8. To all. For a parking brake I use a Mapco hydraulic parking brake. Not DOT but works great once you change the 0-rings from neoprene to EPDM. The gearbox is an RBT DS25/2 made in Texas. RBT bought the rights, tooling and NOS from ZF. The great thing is rather than buy an OEM production version, the boxes are built to order, allowing you to mix and match features from any ZF DS25 ever produced. Mine is based on the BMW M1 version, which has CV joint output shafts, the shortest input shaft available M29 x 10T 4.25" long, a stronger case than the Pantera versions and upgraded synchros.
  9. It wasn't easy. The prototype took about 16 hours of machine time. You start with almost 20lbs of aluminum for 2 lbs of brackets. The first set were made for calipers with ears. Having the basic design worked out, this second set for radial calipers took about a day on a mill, plus fitting, shimming and minor adjustments to get the calipers centered on the rotors. With this design, the minimum disc diameter possible is 12.5". I run 13" at all 4 corners, 6 pistons in the front and 4 in the rear. First the outboard nose of each upright was machined round. The brackets were machined fro
  10. Mark, That may be tough without changing the bulb holders; the bulbs are screw in while most of the LEDs I've seen are the wedge push in or bayonet type. These guys have a fair selection, you might check with them: http://superlumination.com/1156_1157.htm If you can, go with lamps that have 3 LEDS in them, single light bulbs will be too dim. More than 3 LEDs usually means a bulb head to large in diameter to fit inside of the green lens inside the gauge. britishwiring.com may be able to provide you with new bulb sockets It's also possible that the new Smiths Classic range use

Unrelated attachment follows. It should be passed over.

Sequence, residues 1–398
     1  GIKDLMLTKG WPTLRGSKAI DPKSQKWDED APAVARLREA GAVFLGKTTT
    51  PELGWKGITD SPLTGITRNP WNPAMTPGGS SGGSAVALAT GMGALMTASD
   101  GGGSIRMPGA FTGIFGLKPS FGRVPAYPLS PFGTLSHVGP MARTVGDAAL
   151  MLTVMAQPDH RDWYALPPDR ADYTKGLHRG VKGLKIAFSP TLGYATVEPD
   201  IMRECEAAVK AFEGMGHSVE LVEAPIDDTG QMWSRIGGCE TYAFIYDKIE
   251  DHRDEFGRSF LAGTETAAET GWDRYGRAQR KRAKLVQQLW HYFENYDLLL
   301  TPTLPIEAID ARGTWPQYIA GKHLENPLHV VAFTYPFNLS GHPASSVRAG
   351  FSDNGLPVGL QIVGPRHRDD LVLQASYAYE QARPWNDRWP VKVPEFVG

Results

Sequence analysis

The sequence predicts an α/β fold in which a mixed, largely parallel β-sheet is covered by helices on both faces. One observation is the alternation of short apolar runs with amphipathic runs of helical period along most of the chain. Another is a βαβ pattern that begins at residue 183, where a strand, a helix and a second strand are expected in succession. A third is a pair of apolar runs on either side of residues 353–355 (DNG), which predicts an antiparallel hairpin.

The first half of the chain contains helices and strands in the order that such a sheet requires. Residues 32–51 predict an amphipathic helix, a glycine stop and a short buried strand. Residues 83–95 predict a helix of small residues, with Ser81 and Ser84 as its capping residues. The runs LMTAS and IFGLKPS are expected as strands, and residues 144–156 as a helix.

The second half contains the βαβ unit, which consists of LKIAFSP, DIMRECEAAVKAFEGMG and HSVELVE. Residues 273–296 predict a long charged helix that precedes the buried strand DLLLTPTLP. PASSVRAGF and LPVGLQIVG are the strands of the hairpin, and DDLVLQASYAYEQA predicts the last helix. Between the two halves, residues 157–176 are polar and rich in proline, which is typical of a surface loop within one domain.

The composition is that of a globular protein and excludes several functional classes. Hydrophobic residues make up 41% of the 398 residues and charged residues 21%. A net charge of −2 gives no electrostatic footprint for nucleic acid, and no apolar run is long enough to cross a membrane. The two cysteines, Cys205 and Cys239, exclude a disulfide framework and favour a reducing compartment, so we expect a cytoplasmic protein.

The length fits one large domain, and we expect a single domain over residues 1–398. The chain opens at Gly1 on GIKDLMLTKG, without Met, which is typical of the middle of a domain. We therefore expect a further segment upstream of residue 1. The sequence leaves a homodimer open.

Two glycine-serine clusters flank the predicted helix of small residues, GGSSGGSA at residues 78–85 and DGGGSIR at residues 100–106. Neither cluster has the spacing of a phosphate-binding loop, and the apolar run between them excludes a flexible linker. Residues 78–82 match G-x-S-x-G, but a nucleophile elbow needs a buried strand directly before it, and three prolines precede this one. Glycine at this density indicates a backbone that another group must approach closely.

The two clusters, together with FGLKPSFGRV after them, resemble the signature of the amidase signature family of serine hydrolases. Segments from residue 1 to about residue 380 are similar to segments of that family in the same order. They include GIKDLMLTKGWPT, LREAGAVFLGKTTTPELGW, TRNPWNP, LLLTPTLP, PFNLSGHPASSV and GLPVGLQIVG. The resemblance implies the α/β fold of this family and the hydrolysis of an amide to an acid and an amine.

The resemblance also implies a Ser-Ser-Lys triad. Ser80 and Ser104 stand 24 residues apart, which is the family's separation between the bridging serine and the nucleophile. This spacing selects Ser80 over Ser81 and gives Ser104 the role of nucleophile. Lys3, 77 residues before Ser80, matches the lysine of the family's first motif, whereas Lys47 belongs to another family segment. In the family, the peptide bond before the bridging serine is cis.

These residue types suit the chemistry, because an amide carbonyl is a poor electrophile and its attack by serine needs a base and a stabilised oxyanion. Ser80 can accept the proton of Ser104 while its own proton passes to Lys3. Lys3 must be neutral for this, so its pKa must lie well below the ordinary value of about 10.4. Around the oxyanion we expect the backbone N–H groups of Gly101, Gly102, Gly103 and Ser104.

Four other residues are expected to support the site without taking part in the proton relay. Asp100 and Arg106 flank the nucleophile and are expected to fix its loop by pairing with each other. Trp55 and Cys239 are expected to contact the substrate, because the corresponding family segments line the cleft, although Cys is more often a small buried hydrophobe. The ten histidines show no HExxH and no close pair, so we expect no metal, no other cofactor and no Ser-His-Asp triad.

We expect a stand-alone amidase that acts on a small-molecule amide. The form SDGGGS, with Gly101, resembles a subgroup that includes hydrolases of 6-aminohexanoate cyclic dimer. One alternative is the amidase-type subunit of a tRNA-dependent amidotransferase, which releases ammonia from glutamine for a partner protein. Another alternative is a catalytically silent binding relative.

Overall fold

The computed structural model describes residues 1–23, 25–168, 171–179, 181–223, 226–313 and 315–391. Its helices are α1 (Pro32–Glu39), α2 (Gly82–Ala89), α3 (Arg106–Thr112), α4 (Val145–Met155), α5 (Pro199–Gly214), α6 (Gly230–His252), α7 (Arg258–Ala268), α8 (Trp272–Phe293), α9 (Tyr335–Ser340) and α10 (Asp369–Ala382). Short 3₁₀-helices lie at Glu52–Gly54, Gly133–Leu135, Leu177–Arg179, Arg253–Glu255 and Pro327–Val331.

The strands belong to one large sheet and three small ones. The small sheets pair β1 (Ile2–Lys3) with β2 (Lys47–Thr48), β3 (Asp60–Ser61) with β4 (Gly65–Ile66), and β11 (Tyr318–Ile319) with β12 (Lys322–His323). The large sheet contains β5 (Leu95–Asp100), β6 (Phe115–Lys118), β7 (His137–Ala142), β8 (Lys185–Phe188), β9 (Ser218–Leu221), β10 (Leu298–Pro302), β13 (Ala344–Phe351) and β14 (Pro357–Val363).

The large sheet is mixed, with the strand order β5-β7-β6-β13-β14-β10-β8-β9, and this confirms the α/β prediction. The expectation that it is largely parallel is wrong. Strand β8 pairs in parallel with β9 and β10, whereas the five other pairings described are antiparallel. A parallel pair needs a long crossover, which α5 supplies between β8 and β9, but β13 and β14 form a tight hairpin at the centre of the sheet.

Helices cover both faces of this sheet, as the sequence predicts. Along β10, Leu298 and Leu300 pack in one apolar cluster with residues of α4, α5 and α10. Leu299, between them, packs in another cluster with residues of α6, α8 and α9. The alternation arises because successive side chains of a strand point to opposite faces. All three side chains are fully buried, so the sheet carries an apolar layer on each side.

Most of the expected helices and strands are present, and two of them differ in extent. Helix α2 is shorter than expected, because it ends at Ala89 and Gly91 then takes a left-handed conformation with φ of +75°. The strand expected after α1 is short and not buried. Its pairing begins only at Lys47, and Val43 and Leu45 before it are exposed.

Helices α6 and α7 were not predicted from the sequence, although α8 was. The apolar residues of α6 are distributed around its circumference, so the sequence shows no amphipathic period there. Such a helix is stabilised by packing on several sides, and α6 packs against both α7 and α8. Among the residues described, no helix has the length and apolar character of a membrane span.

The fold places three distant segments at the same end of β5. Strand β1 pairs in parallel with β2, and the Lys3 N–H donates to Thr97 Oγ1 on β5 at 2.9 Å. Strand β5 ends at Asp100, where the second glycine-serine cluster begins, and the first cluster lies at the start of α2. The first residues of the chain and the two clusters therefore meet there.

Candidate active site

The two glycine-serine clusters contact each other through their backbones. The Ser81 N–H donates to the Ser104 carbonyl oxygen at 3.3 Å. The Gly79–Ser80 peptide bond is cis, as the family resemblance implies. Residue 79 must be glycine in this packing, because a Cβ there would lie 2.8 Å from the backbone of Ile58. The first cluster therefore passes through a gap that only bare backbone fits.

11. Here's a few pics of my work in process. I've taken the same approach with my old Esprit as Caterham has with the Seven. Think of it as the G-car equivalent of a CSR260.
  12. Spin the oil pump with an impact wrench with the timing belt removed, connecting the oil outlet to the inlet, if the adapter is in place. Better not to crank the motor, the pumps take some time to prime and produce oil pressure. With an impact you can pressurize the motor before it even turns.
  13. Excuse me, but I should have specified. My comment applied only to the US Federal Elise with the Toyota motor, as per posts on Elise talk forum. I'm not familiar enough with the ROW K motor cars.
  14. "While I was re-doing the head gasket on my elise and about to fit a remote thermostat, I realised that the Elise uses an electric water pump to assist the mechanically driven one." The electric pump in the Elise is to improve circulation to the heater core, not to improve cooling.
  15. I went for an inch. Doing so allows you to port the diffuser, opening the inlet about 0.25". In theory you should go as large as you have room, but there are physical limitations. You'll also need to make a new manifold brace, reshape the dipstick tube and make a "V" support piece with the tube clip to support it. Try to go 2" and the adaptation becomes more complicated.